The Volvo V40 is perhaps the surprise of the show, coming across far better in the real than in the initial press shots. Things arguably get even better when you tug open one of its five doors and slip into its cabin.
Yes the IP architecture is perhaps a little overbearing but its detail execution is really impressive. The more you look and touch the deeper the sense of integrity. From the graphics in its digital gauge pack to its single piece metal door card accents via the lovely, bezel-less rear view mirror, in the best Swedish tradition this has the feeling of a product that will continue to quietly please over time.
By Owen Ready
The aero wheel trend has been knocking around for a few years now (again) and there’s no sign of it stopping. But there is also a new – and rather encouraging – sign that tire sidewalls have started to grow a little more generous and wheel diameters, while still big, have reached a plateau even on concept cars. Somebody even reported seeing an Audi on hoops smaller than 18-inches.
But big, small, fat or thin, these four are our favourites (and yes, one is an outsized Audi).
Clockwise from top left: Volvo V40, Lamborghini Aventador J, Audi A1 quattro, Hyundai i-ioniq
By Owen Ready
The Peugeot 208 is one of the most important new cars to be unveiled here in Geneva. Not only is it the only debutant in the hugely important European B-segment, but it’s also the car Peugeot had promised would really show it was back on the right track. First impressions are that it lives up to that promise.
The most obvious thing is that it is smaller than the 207 it replaces and looks and feels so. It’s an important realignment of the traditional market segments and feels all the better for its newfound svelteness, which is reflected in its exterior form language. Ok, so there may be a few too many flicks and chrome accents to its detailing and graphics, but they successfully convey ‘premiumness’ without resorting to aping Mini (see Citroen DS3).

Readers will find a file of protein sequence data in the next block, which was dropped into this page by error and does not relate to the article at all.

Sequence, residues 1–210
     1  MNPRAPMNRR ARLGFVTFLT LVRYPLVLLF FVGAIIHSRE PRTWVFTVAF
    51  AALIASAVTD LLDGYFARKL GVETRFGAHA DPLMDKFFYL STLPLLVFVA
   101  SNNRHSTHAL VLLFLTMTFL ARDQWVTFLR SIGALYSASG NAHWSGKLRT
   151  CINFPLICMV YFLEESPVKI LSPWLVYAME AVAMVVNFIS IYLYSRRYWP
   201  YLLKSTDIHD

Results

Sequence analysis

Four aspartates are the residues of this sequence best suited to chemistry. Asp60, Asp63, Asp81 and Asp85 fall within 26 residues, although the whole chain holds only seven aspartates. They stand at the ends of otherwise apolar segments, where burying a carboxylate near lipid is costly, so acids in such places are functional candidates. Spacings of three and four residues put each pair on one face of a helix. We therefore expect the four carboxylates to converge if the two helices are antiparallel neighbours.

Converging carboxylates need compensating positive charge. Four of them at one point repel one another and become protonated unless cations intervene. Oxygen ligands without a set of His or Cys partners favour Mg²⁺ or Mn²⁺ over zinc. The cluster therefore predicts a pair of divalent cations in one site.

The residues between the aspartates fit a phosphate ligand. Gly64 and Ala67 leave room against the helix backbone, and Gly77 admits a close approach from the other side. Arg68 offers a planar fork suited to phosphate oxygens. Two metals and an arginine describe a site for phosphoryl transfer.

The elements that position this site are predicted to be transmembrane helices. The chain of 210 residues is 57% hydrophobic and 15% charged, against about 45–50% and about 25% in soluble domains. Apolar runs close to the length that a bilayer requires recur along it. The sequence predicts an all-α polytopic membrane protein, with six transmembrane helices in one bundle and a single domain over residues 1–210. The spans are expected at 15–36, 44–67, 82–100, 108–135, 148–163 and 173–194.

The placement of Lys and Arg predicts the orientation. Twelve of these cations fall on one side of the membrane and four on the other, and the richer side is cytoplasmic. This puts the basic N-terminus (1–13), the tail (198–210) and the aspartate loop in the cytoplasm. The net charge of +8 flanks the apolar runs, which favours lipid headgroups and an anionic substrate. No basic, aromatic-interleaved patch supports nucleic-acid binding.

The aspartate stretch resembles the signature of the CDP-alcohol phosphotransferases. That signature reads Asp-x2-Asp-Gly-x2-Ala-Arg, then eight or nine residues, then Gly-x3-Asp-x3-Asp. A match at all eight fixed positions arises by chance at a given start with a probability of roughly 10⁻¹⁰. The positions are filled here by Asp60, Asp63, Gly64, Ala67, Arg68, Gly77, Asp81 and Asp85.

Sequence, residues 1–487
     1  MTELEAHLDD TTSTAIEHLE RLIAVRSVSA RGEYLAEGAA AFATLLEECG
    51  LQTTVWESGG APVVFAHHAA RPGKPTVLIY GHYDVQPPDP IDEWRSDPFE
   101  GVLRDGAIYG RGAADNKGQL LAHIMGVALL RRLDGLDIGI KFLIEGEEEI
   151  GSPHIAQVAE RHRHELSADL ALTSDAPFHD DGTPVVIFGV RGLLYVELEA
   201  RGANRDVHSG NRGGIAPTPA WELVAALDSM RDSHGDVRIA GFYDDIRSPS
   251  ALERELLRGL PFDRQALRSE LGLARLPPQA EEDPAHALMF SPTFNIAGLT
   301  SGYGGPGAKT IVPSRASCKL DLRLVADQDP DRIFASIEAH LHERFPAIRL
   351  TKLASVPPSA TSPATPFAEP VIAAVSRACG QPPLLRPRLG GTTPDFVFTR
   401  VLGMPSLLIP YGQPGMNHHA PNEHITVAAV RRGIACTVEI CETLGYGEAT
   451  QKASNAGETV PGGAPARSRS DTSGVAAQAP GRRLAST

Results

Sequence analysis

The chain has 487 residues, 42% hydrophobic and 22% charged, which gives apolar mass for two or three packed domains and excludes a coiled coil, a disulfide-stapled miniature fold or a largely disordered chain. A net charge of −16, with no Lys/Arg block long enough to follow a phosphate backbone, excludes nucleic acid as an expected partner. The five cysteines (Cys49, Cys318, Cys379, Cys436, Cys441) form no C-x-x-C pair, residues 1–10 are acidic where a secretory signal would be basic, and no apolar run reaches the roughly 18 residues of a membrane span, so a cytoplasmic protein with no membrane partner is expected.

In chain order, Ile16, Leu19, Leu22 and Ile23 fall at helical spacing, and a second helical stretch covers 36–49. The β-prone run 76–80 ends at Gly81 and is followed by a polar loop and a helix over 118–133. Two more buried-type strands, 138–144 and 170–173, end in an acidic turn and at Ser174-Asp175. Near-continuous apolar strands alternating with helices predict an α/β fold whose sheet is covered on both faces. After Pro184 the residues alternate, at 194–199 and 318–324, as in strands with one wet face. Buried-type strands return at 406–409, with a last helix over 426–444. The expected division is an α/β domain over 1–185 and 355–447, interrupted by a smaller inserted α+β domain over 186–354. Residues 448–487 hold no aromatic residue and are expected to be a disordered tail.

But the big news is inside. With the gauge pack raised to sit above the low-set, small-diameter steering wheel and into the driver’s line of sight it’s genuinely unique to sit in. We’ll reserve judgement until we experience it on the road, but initial impressions are that it will work pretty well from an ergonomics perspective as long as you taylor your seating position to match.
Perceived quality is good and there are neat touches such as the full-size center armrest and fragmented speaker grille perforations. And like all good European small cars it feels chic.
By Owen Ready
There is something of a mixed response to the Infiniti Emerg-E here in Geneva. Several people we’ve spoken to think it’s relatively derivative, with a mixture of things that have been seen before. That might be fair comment – conceptually it’s hardly ground-breaking.
Yet it does happily continue the design language Infiniti has been developing over its past few concept cars. You can clearly see the lineage between this and the Etherea of 2011 and the Essence of 2009.
While the Essence was more striking, original and elegant, this successfully integrates what we’re coming to understand as Infiniti design signatures (concave/convex bodyside into stepped shoulder, crescent-shaped C-pillar/DLO intersection, and the egg-timer grille) into a true, mid-engine sports car concept.
It’s not perfect; some of it feels too busy, the rear feels like its weakest angle and there are some oddly pinched and disappearing surfaces around the shut lines.
Yet it mostly feels and looks premium and is a valuable halo car for Infiniti. That’s important for a brand with great aspirations and which is still establishing itself in Europe.
By Joe Simpson